Poverty reaches new record, homeless Iranian women and girls aged 15-60
The looting and inefficiency of the mullahs’ regime in managing Iran’s resources as a rich country have led to poverty. All kinds of disasters and problems in Iran, including homeless women and girls, are the consequences of poverty.
Some 80% of Iranians now live below the poverty line. In October 2020, the Bahar News website wrote that considering the poverty line of 10 million Tomans, nine of the society’s 10 sectors live below the poverty line, and absolute poverty is spreading rapidly. Under such circumstances, most impacted are Iranian women – those who, in the eyes of the misogynistic rulers and oppressive laws, have neither the right to work nor the right to independent financial resources.
Homeless Iranian women and girls of different ages
Iranian state media recently published breaking news, announcing, “The age of homelessness among Iranian women reaches 15.”
Neda Mandani, Director of the Homeless Iranian Women and Girls Empowerment Center in Tehran, reported 15-year-old girls who have come to the center under her management in recent months.
According to Mandani, unfavorable living conditions have caused these girls to suffer social harm and homelessness (The state-run ROKNA News Agency – June 6, 2021).
Until last year, state media reported homeless girls aged 16-18 (The state-run ROKNA news agency – April 21, 2020).
In the report mentioned above, Mandani also reported homeless women over the age of 60 in Tehran (The state-run ROKNA news agency – June 6, 2021).
For homeless women, danger lurks
Being homeless makes Iranian women and girls the first target for all kinds of danger. Addiction and other social ills become inevitable for them, but the dangers to their lives are also lurking.
In January 2021, a 45-year-old homeless woman in Kerman, who had been forced to take refuge in one of the limekilns due to the lack of a shelter, died in a fire.
She lived in a small block room with a wooden roof in the limekilns of the city’s industrial district. The fire started after the woman lit a tin bucket to generate heat. When the fire brigade arrived, the poor woman had burned to death (The state-run ROKNA news agency – January 19, 2021).
In the same month, a 15-year-old homeless girl was beheaded in Sirjan, a city in the southern Iranian province of Kerman. While emptying a garbage tank, Sirjan Municipality workers noticed an abnormal-looking heavy plastic bag. It contained the teenage girl’s head.
The accused and the victim were both homeless. According to the Sirjan prosecutor, the killer came forward to the police after two hours and revealed the body’s location. In this case, too, government officials arrived at the scene, only to find and punish the accused (The state-run ROKNA news agency – December 28, 2020).
Trying to cover up the issue instead of providing housing for women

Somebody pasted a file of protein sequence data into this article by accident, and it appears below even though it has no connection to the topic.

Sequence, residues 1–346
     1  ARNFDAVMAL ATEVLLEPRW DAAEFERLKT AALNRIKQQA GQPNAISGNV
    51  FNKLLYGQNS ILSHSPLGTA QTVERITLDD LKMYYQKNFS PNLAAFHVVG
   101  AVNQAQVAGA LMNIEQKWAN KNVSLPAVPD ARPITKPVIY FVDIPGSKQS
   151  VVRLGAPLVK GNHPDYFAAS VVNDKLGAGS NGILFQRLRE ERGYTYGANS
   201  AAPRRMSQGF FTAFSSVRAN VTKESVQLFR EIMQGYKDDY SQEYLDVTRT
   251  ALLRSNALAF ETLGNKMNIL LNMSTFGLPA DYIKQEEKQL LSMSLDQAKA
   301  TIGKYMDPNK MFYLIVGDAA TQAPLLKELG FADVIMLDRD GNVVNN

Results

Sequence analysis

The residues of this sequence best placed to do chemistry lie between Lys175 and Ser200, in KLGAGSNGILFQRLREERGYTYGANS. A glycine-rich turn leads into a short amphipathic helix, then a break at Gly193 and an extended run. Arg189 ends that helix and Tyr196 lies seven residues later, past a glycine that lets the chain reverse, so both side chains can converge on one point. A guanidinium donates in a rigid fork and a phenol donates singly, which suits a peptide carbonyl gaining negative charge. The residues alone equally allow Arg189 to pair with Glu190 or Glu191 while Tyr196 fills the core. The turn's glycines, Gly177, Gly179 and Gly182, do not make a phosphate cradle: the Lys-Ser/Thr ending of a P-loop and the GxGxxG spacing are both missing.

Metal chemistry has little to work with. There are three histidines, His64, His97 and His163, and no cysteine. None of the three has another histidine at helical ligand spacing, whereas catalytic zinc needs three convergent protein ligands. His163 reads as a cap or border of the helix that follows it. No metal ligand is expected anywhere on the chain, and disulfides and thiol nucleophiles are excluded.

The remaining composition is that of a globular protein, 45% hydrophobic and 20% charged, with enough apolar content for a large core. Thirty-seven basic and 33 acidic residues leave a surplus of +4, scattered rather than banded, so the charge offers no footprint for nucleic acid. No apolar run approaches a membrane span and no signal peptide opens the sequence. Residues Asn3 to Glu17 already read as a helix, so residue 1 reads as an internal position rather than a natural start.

A homeless woman who already spends her nights in a shelter at Tehran’s Shush Park says, “Homeless women like to live in houses just like everyone else – not in a shelter, nor forced camps!”
Suffering from poverty-driven addiction, she describes life as follows: “We use drugs to die, when we have no hope” (The state-run Hamshahrionline.ir – June 14, 2021).
The Iranian regime has fenced off the area around Shush Park in Tehran under the pretext of clearing the city. The fencing around the park has reduced the number of homeless and addicts in the park.
According to Sepideh Alizadeh, Director of the Noor Institute, women do not come to her shelter because they are afraid of being taken to a concentration camp (The state-run Maidan website – June 7, 2021).
Simultaneously with the closure of the park, the regime has launched a crackdown on drug addicts. However, according to Alizadeh, “Gathering and transferring addicts to camps and addiction treatment centers will not work, because psychological services are not provided and the social problems of the individual, including unemployment and homelessness, are not solved in any way” (radiozamaneh – June 9, 2021).
According to Mohammad Aligou, Deputy Minister of Social Affairs of the Welfare Organization, the crackdown measures are being taken despite only 34 safe houses across Iran’s 31 provinces to treat 40 million women (The state-run shahrvand daily – June 20, 2020).
The regime destroys people’s homes
The mullahs’ misogynistic and unpopular regime not only has no solution for the homeless women and girls; with its predatory policies, it is actually increasing their number every day. Videos of the demolition of people’s homes across the country and the displacement of women and children are broadcast on social media every week. One of the last examples was in July.
Municipal officials in Tabriz raided people’s homes and used loaders to destroy them on Wednesday, July 7, 2021. Agents responded to residents’ protests by beating and hurling obscenities at them.
No change can be expected from the clerical regime
Clearly, the inhuman and misogynist regime has neither the desire nor the ability to solve the Iranian people’s problems. The way the regime represses women – the main target – is ironic.
Last month, we witnessed a new wave of uprisings by the Iranian people, who said, with one voice, that they do not want this regime.
In the wake of Raisi’s appointment as President, Le Monde newspaper wrote that the Iranian people have “turned fear into anger.”